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General Outboard Motor Water Pump Description and Operation

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  • General Outboard Motor Water Pump Description and Operation

    I'm posting this to get some feedback, also not so into watching the Dolphins getting slaughtered by the Patriots.

    Per Seloc Marine Repair Manual:

    "The water pump uses an impeller driven by the driveshaft, sealing between an offset housing and lower plate to create a flexing of the impeller blades. The rubber impeller inside the pump maintains an equal volume of water flow at most operating speeds.
    At low speeds, the pump acts like a full displacement pump with the longer impeller blades following the contour of the pump housing. As pump speed increases, and because of resistance to the flow of water, the impeller vanes bend back away from the pump housing and the pump acts like a centrifugal pump. If the impeller blades are short, they remain in contact throughout the RPM range, supplying full pressure."

    Now, if this is true, and knowing something about pump dynamics, this makes sense to me. Also, the operation of the pressure control (relief) valve as well.

    Positive comments please.

    Thanks all!
    Chuck,
    1997 Mako 191 w/2001 Yamaha SX150 TXRZ Pushing Her

  • #2
    great theoretical issue!

    now be prepared for Rodbolt to check in and tell us that its a stupid simple mechanism and you just need to replace the impeller regularly.....



    "maintains an equal volume of water flow at most operating speeds" is an interesting statement.

    Seems that is saying less about the pump and more about it discharging into a (largely) fixed restriction.

    I do marvel at the very idea of driving the same pump (and expecting satisfactory results) at 650 rpm AND and 6000 rpm

    Comment


    • #3
      I understand that the pump acts as a positive displacement pump at lower RPM's and a centrifugal pump at higher RPM's....seems like an interesting item...

      Comment


      • #4
        It is a stupidly simple speed volume system. The faster the speed the greater the volume.

        I been studying water flow since I was in kindergarten.

        Comment


        • #5
          why do they insert the statement
          "If the impeller blades are short, they remain in contact throughout the RPM range, supplying full pressure."
          if it is acting as a centrifugal at higher speeds by the vanes bending back away from the housing?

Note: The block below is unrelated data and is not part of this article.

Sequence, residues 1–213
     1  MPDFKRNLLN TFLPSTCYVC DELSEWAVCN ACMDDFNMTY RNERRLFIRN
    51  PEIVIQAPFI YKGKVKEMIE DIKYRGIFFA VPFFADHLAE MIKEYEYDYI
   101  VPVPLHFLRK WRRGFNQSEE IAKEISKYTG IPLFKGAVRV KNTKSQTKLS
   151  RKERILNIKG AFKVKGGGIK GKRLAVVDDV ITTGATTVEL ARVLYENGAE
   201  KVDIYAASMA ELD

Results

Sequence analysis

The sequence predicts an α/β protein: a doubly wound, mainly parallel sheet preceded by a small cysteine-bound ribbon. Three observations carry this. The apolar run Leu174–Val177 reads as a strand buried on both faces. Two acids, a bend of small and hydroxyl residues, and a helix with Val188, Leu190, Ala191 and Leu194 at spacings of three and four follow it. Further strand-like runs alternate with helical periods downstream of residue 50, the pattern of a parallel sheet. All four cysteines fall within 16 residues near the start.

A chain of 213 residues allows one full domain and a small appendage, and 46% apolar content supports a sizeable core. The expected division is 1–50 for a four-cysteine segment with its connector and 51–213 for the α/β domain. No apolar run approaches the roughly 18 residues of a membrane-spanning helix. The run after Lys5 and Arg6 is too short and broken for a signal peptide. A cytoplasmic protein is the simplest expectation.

Comment


          • #6
            What Yamaha has to say:

            Water Pump
            The water pump is a rubber bladed impeller mounted in a housing and driven by the drive shaft. The top and bottom of the impeller create a seal against the surface of the housing and plate. The impeller blades also seal against the housing side and end surfaces. It is essential that no water leaks between these surfaces for efficient operation. The impeller is eccentrically aligned or off center in the pump body, and the impeller blades fluctuate as the impeller rotates. As the blades pass over the intake port, water is drawn into the pump. The blades are compressed during rotation due to the off set as they get closer to the housing wall. The water is discharged under pressure through the discharge opening.

            Pressure Control Valve (PCV)
            Since a higher degree of heat is generated in midsize and larger engines, the water pump facilitates a higher cooling system capability. Even when the thermostat is closed, the water pump operates and water is being pumped resulting in an increase in cooling water pressure. Due to this increase in pressure, water could start leaking through weak spots, such as gaskets. Should the water pressure rise beyond a certain point, a PCV valve has been incorporated which opens and dissipates the cooling water through a bypass passage to control the cooling water pressure.

            Comment


            • #7
              Too busy refinishing an Evan Williams bottle. Btw, Blanton's single barrel whiskey is to die for if you can find it.

              What is different with a Mercury water pump? I notice the water pressure to be higher, like a fire hose.....

              Comment


              • #8
                Originally posted by fairdeal View Post
                great theoretical issue!

                now be prepared for Rodbolt to check in and tell us that its a stupid simple mechanism and you just need to replace the impeller regularly.....